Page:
The MDGs and Beyond: Pro-Poor Policy in a Changing World

Much has changed since the Millennium Declaration in 2000. The global economic crisis itself marks the end of a relatively benign period for development cooperation of buoyant aid budgets in the OECD-countries ("the North") and strong commitments to public expenditures on social sectors in the South, reasonable economic growth in many developing countries, relative stability and a consensus on policy parameters and instruments in the Millennium Development Goals (MDGs) and Poverty Reduction Strategy Papers (PRSPs).

The forthcoming period is likely to be far less certain and aid effectiveness ever more critical as rich countries face post crisis fiscal limitations. Development cooperation faces multiple and inter-connected crises in climate, and energy, the end of an oligopolistic market with the emergence of new donors and (the as yet) uncertainty on a post-MDG architecture. Such uncertainties not only have the potential to impact adversely on levels of poverty, but also change the context for doing development cooperation. With more actors and fewer resources, aid coordination and transparency will require renewed emphasis.

There is already emerging evidence that the economic crisis itself is leading to significant changes in the context for development cooperation such as in:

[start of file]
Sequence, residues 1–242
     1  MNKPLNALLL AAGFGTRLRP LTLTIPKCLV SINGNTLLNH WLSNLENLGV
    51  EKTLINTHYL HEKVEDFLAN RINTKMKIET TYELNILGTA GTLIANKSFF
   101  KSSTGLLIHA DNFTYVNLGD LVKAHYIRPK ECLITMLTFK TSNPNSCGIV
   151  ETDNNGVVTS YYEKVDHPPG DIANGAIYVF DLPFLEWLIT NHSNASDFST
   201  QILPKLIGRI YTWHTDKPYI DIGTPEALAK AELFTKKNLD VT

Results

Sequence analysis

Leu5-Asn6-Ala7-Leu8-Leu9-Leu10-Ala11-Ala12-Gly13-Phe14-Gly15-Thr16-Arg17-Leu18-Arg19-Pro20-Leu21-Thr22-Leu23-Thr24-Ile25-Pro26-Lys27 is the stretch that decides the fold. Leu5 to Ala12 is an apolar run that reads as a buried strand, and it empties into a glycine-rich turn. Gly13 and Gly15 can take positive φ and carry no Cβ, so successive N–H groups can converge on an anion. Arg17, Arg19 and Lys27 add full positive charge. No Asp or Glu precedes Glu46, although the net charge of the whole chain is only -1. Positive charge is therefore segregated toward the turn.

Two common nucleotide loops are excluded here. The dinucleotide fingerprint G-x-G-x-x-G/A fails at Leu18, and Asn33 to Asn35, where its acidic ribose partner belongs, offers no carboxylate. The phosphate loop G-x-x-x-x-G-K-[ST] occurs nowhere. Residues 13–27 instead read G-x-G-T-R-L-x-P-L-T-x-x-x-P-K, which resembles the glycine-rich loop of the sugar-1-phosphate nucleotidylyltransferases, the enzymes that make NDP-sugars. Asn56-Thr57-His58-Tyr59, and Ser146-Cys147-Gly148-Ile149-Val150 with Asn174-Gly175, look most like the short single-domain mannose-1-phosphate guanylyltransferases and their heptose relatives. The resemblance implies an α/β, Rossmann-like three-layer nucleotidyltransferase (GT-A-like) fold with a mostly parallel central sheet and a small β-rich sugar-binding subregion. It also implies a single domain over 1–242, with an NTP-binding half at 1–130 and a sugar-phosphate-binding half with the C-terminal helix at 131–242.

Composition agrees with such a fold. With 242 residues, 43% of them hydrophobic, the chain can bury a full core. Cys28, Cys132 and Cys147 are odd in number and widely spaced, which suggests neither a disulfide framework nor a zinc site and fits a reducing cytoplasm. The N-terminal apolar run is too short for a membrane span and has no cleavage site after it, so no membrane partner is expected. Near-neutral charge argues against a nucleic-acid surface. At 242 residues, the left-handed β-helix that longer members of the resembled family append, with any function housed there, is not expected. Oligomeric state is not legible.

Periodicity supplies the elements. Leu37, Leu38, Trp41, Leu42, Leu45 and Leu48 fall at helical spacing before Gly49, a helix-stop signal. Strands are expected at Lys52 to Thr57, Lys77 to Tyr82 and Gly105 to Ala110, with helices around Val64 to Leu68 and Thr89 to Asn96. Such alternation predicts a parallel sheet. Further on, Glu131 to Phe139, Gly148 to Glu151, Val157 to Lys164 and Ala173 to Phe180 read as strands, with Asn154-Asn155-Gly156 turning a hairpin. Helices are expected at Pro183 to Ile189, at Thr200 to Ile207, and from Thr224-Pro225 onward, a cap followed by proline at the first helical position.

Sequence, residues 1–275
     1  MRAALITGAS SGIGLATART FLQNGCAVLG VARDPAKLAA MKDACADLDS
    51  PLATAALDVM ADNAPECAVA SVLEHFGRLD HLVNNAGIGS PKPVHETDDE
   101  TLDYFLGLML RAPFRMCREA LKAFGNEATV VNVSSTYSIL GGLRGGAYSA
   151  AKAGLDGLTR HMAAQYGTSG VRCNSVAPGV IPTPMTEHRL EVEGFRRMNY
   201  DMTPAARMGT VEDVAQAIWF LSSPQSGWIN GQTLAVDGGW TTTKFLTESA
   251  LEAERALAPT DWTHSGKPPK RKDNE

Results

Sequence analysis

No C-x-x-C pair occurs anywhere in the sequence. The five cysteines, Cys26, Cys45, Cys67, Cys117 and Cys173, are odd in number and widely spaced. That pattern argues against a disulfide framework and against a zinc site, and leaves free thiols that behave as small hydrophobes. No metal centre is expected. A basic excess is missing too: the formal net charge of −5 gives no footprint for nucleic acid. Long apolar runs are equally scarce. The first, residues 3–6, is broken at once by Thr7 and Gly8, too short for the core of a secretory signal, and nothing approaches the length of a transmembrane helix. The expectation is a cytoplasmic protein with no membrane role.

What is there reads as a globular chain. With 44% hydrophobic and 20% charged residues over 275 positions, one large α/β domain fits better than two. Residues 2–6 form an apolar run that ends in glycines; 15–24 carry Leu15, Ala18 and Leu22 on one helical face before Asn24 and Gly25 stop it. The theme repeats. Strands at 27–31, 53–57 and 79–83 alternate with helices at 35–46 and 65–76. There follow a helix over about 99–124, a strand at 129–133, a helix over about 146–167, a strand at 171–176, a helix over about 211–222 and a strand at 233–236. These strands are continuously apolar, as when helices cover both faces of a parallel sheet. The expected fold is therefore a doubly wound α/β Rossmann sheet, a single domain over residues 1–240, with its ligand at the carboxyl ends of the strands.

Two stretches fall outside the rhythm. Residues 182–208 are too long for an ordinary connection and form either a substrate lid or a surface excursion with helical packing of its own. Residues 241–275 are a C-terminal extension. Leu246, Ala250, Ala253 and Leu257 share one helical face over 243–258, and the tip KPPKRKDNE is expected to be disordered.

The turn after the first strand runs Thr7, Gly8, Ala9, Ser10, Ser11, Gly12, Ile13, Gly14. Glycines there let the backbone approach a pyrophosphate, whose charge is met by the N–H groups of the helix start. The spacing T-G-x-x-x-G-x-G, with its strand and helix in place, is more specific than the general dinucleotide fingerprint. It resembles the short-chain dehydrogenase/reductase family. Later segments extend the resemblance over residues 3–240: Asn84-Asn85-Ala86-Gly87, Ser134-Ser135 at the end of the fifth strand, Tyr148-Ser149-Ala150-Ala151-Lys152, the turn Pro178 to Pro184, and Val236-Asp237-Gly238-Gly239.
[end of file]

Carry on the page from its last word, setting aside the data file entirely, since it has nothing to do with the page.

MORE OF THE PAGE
• Global governance: The G8 to G20 shift means more representation and power for large developing nations but changes in the IMF and World Bank will be crucial for wider changes in governance; the new aid architecture requires better harmonization.
  • New economic policies: There is likely to be a greater tendency for developing countries to explore new development models; approaches from China, the ‘Beijing Consensus’ are more likely to be taken up than Western prescriptions; the exchange of experience and information across paradigms will be increasingly important; similarly "putting countries in the driver seat" to implement policies of their choice will require that they build the capacity and the tools needed to do so effectively;
  • Greater social protection: The scale of food and financial crises has made a powerful case for better social protections systems. But building ownership in governments and civil societies remains a challenge in securing long term budget allocations;
  • A green(er) economy: There is a strategic opportunity to use the fiscal stimuli to promote a shift to lower carbon development but political pressure to implement such measures as quickly as possible.

The questions for bilateral donors and for European Development Cooperation are then how best to pursue the MDGs in this changing world with new opportunities and risks? What are the best real-time poverty monitoring approaches? What are the best mechanisms for MDG country level adaptation? Who should do what at global and national levels in terms of an MDG division of labour? What should be done differently in this new context and what should be done the same?

IDS fellow Andy Sumner has been contracted to review the MDG experience so far, and to propose how the MDGs should be adapted to the crisis/post-crisis context (and to look at and bigger ‘game changers’ such as climate change in particular and the emergence of a multi-polar world).

Project details

start date
4 December 2009
end date
4 December 2010